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Lawmakers Engage in Lengthy “Twitter-busters” on DREAM Act, Tax Cuts

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Sen. Bernard Sanders, I-Vt., speaks to reporters about his position on the tax compromise, Tuesday, Dec. 7, 2010, on Capitol Hill in Washington. (AP Photo/Harry Hamburg)

Filibusters can effectively stall legislation for a time, but the marathon congressional floor speeches can also cramp legs and dry throats. Twitter users, however, don't need tradition or decorum to "tweet" as many times as they please - as long as they limit each message to 140 characters. This past week, two lawmakers demonstrated that putting the two together creates a powerful rhetorical hybrid: the Twitter-buster.California Republican Rep. Dana Rohrabacher's Wednesday floor speech against what he called the "Affirmative Action Amnesty Act" did not stop the House from passing the DREAM Act. But that night, Rohrabacher took the debate to the social network Twitter, where he would never have to yield his floor time back to anyone. The back-and-forth lasted into late Sunday night.

On Friday, Twitter user @alesolo re-tweeted video of the Republican's feisty floor speech against the controversial legislation, which would create a path to citizenship for illegal immigrants brought to the United States by their parents, provided they attend college or serve in the military.

"Libs put racist preferences into law. Illegals' status normalized=preferences apply to them=betrayal of Americans by racist libs," Rohrabacher replied to @alesolo, who identified herself as being from Orange County, parts of which are located in the lawmaker's Southern California district.The exchange continued into Saturday night, when Rohrabacher tweeted, "@alesolo My kin arrived in 1709 before gov benefits & racist preferences. Should your family's educ/medical$ go to illegals? Are U selfish?"@alesolo shot back, "So early immigrants did not take ‘benefits' in the form of resources and land from native Americans?"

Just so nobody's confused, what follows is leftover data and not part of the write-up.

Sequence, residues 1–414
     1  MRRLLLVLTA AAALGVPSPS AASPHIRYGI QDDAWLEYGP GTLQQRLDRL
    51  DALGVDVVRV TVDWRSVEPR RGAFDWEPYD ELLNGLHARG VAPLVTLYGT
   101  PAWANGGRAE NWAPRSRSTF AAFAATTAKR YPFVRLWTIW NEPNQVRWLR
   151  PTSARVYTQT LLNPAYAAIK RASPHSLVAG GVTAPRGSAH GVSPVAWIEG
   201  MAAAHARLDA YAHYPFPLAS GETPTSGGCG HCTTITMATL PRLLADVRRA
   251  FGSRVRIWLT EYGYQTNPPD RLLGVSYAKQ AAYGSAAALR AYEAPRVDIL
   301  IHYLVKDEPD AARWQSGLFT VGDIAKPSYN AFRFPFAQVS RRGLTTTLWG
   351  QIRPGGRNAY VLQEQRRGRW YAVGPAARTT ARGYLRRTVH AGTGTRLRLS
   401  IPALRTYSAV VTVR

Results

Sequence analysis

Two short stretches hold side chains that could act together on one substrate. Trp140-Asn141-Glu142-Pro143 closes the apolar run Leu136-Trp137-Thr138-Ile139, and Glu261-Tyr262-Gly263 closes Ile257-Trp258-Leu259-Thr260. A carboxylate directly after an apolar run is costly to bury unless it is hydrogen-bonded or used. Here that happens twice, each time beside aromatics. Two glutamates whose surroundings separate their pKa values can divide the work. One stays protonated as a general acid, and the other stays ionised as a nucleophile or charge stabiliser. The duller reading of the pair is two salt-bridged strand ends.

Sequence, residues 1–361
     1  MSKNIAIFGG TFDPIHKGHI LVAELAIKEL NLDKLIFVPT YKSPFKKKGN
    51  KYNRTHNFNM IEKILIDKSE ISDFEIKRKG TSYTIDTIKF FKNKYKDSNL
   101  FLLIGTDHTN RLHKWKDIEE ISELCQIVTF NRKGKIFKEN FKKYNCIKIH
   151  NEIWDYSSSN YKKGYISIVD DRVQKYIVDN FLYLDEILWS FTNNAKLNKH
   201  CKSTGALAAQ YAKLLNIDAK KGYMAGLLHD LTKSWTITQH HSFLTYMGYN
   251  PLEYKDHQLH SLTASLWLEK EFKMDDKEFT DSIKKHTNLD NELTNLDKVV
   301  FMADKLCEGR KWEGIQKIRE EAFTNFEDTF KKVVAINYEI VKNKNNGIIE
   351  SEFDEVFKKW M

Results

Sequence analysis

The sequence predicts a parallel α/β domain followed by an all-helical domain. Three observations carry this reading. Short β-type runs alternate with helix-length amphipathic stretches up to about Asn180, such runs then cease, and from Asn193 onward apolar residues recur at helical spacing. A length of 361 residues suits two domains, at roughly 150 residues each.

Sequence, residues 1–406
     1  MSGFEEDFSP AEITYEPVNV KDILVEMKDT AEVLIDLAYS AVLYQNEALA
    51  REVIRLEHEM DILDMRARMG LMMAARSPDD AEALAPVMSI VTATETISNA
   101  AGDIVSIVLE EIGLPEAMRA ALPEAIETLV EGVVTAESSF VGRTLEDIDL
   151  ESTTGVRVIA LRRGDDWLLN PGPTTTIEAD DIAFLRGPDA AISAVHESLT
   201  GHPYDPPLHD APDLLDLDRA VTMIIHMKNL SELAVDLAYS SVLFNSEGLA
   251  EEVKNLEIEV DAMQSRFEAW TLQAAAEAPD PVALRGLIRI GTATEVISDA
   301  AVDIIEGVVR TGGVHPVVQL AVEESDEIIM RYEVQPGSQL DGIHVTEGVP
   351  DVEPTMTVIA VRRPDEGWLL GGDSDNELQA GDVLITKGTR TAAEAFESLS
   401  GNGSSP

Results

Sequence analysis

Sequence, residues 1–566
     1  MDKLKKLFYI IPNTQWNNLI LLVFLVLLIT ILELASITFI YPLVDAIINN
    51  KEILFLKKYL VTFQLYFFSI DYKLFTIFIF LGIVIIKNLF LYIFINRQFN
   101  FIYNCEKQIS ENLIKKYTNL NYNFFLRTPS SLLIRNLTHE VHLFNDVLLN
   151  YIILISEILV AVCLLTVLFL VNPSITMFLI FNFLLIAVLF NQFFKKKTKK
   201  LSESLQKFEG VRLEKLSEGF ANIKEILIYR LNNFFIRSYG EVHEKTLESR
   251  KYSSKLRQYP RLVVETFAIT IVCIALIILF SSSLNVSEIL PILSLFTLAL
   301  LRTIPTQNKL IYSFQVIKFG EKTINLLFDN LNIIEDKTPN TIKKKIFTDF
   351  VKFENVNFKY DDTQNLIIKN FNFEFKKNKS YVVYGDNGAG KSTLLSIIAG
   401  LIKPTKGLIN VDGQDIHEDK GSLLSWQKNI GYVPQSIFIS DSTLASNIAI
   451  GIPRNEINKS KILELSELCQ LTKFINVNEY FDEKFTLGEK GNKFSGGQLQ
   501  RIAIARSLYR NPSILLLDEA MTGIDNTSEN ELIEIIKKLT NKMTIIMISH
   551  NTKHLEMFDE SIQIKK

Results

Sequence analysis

Rohrabacher responded: "Indians lost their country to foreigners. I'm not letting that happen to us w/out a fight. Which side are you & your friends on?"The Southern California representative also engaged with a number of other Twitter users. San Francisco blogger Denis Yurkichov (@yurchie) at one point tweeted that Rohrabacher is "all about white people." The lawmaker replied Sunday night, "Americans=every race. All should have priority over illegals. Amnesty triggers pref already in law. Pointing this out isn't racist."Rohrabacher's lengthy back and forth came on the heels of fellow lawmaker Sen. Bernie Sanders' (I-Vt.) Friday filibuster-like rant on the Senate floor against Obama's tax rate extension compromise. Snippets from the speech, along with news articles and time counts, were tweeted through the senator's account as Sanders pontificated on Capitol Hill.

"You can call what I am doing today whatever you want, you it [sic] call it a filibuster, you can call it a very long speech..." Sanders' Twitter account announced at the beginning of the Senate soliloquy.An hour later, the Twitter hash tag "#filibuster" had been added to every update, and by 4:18 PM, the feed gleefully announced, "Sen. Bernie Sanders is trending FIRST in the nation right now. We will continue to tweet the senator's speech #filibuster." By that time, so many social network users took interest in his "very long speech" that Sanders was well on his way to becoming what the New York Times called a "Twitter sensation."

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